CINCINNATI - Procter & Gamble Co. set an attendance record last week by drawing more than 600 people to Latinnovation, a networking and professional-development event that celebrates the achievements of P&G’s Hispanic employees.
It was the fifth time P&G hosted the biannual event and the first time it invited employees from other companies to join. Employees from Kroger Co. and General Electric Co. joined P&G employees from 25 locations in the U.S. The event was held in the grand ballroom at the Duke Energy Center downtown.
“We feel that we can join forces to make Cincinnati a better place for Hispanics,” said Lourdes Albacarys, vice president of corporate research and development and sponsor of the Hispanic lead team for P&G. “By doing that we make Cincinnati a better place for Hispanics at P&G as well.”
Albacarys said the theme of this year’s event was “creating value” for P&G.
“We talk about how we can invest in ourselves and how we can create value for the company,” she said. “The speakers and the workshops are all related to that common theme.”
P&G touts diversity as a strategic imperative because it sells Tide laundry products, Gillette razors and Olay skin care products all over the globe. Having a diverse workforce helps P&G market to different cultures. It also brings a variety of perspectives to research projects and productivity innovations, which will be key to developing future brands that could help P&G recover from a years of sluggish growth.
P&G has about 1,700 Hispanic employees in the U.S, including 700 in manufacturing. They tend to be optimistic about the future, a handy trait for a company that has trimmed more than 14,000 from its payrolls since 2012.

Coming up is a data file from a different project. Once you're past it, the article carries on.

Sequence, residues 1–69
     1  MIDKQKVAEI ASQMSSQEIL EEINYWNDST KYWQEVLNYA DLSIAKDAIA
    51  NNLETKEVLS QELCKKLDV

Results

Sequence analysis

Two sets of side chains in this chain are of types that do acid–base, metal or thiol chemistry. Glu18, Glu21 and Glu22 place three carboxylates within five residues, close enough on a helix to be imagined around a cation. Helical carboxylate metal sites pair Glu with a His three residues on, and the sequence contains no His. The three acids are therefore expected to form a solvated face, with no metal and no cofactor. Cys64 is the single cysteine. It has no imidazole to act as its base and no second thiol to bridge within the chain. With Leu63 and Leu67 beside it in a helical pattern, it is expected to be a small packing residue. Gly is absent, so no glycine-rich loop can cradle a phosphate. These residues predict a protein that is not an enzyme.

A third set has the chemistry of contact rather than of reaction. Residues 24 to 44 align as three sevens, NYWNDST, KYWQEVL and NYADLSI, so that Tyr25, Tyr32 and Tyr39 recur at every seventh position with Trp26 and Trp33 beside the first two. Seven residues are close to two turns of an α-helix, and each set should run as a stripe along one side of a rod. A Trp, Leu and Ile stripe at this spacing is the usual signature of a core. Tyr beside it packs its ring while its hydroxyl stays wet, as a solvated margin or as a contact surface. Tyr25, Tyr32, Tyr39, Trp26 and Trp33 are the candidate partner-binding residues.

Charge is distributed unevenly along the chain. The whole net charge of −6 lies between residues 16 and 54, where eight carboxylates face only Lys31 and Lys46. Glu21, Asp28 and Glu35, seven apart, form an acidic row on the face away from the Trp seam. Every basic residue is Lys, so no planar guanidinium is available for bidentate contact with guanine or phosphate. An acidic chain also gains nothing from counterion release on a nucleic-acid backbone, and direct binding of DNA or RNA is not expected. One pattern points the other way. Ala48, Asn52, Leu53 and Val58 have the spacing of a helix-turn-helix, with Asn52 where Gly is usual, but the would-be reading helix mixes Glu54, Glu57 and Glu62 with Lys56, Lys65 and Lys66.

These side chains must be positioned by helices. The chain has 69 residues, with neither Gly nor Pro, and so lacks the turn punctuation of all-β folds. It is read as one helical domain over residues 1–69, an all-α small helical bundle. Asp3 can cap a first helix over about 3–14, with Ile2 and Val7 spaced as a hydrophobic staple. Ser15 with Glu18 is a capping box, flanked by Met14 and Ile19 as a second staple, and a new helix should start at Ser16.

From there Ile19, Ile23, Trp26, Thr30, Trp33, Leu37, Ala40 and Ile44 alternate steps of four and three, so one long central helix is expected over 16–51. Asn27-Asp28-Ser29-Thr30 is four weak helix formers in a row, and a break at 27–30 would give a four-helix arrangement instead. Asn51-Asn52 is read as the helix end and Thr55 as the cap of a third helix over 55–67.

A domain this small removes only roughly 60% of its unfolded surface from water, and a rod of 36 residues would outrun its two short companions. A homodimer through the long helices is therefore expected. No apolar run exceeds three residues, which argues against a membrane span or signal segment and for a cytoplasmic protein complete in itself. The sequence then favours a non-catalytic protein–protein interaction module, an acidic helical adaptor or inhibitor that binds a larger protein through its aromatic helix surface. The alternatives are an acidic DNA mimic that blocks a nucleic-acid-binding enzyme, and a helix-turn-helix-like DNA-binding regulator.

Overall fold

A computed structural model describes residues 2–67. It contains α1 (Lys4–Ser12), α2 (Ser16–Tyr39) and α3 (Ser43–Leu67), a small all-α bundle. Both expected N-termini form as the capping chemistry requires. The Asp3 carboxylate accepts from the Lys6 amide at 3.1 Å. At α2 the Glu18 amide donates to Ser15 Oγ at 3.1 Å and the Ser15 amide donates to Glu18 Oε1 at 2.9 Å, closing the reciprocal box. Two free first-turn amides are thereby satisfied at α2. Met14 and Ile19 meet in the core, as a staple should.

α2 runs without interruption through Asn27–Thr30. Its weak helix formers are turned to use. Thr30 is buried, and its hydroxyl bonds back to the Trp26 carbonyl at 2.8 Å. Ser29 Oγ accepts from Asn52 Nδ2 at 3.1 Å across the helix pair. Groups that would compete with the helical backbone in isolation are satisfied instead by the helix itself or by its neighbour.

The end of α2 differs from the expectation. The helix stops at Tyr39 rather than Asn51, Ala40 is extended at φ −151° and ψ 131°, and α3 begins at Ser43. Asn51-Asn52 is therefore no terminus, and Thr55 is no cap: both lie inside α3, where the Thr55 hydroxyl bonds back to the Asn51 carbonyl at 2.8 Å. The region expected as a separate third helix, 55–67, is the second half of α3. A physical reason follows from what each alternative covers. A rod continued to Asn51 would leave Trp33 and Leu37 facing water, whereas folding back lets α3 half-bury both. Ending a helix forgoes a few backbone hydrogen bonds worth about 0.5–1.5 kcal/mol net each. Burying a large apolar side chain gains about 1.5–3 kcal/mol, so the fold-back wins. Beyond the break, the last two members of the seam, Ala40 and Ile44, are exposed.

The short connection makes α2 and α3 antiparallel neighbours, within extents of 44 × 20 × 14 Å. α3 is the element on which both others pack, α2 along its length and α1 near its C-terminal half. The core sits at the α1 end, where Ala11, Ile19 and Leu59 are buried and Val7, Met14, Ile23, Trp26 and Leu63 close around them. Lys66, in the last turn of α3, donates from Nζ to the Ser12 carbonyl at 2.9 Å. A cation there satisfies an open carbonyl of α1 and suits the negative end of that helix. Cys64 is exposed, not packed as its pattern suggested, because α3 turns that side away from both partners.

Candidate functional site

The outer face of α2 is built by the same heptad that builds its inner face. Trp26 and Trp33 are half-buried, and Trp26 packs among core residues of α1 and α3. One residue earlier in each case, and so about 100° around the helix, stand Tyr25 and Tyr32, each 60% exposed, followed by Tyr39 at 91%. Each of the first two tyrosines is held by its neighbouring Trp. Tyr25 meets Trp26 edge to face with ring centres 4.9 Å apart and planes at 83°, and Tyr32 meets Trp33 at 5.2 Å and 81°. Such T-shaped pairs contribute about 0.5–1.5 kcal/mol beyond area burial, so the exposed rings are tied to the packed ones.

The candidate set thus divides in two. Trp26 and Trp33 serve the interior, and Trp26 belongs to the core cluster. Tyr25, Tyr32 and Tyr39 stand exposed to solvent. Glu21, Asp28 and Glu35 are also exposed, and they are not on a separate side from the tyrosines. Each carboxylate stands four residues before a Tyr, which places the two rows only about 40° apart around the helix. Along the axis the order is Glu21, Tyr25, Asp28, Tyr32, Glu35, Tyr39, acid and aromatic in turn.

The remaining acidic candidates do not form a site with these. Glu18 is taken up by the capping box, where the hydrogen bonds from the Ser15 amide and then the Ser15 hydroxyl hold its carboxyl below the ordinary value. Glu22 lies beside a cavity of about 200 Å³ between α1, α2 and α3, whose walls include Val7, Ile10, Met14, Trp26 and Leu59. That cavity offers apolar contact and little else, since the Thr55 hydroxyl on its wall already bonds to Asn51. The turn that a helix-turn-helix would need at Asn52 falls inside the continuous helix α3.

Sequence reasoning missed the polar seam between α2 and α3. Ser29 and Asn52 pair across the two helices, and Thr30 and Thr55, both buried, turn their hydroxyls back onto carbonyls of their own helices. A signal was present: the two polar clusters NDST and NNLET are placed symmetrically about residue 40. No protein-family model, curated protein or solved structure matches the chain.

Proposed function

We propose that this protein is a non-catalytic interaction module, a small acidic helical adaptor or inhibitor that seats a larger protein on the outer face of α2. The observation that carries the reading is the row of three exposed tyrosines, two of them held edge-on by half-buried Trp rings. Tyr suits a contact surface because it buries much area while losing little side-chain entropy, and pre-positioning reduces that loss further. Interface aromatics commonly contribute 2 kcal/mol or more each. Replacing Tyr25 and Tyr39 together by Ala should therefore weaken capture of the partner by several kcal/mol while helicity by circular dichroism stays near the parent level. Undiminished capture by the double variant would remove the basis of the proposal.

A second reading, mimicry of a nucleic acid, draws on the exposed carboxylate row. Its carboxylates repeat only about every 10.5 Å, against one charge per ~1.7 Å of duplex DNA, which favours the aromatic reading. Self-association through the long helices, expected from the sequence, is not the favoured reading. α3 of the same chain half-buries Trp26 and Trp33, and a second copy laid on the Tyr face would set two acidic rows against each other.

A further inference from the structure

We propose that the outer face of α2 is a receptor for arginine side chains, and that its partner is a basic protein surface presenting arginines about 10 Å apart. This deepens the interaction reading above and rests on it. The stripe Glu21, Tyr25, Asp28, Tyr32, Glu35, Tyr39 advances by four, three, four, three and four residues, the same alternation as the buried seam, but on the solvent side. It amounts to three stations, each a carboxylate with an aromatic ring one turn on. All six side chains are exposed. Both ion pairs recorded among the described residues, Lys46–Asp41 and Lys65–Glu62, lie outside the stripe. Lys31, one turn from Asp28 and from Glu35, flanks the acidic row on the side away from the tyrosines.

“Even in our employee surveys, Hispanics are always more optimistic than the rest of the population,” Albacarys said. “We do believe that we have the right strategies in place and we’re going to get back to the growth we’ve enjoyed in the past.”
More than 50 Hispanic employees were recognized for their contributions to P&G marketing, product technology, manufacturing and productivity improvements.
Individual awards were presented for people that helped P&G achieve a more diverse work force, helped Hispanic employees advance and promoted a “work environment where people feel welcomed.”
Speakers included Steve Robbins, a leadership and diversity consultant, Phil Duncan, global design officer for P&G, and Angel Colon, director of multicultural development at Kroger.
“I’ve used like seven P&G brands already this morning,” Colon told a crowd of about 200 who gathered for his presentation, which explored how Kroger uses consumer-spending data to improve customer loyalty in various ethnic groups.
“We appreciate everything you guys do,” Colon said. “You do a lot of research for us. We’ve worked together on a lot of promotions and programs. It’s been a great partnership.”
Albacarys said the event may lead to more collaboration between Cincinnati's biggest employers. P&G is now talking to G.E. about joining an annual Hispanic Heritage Month event to increase Hispanic participation in STEM education, or science, technology, engineering and math.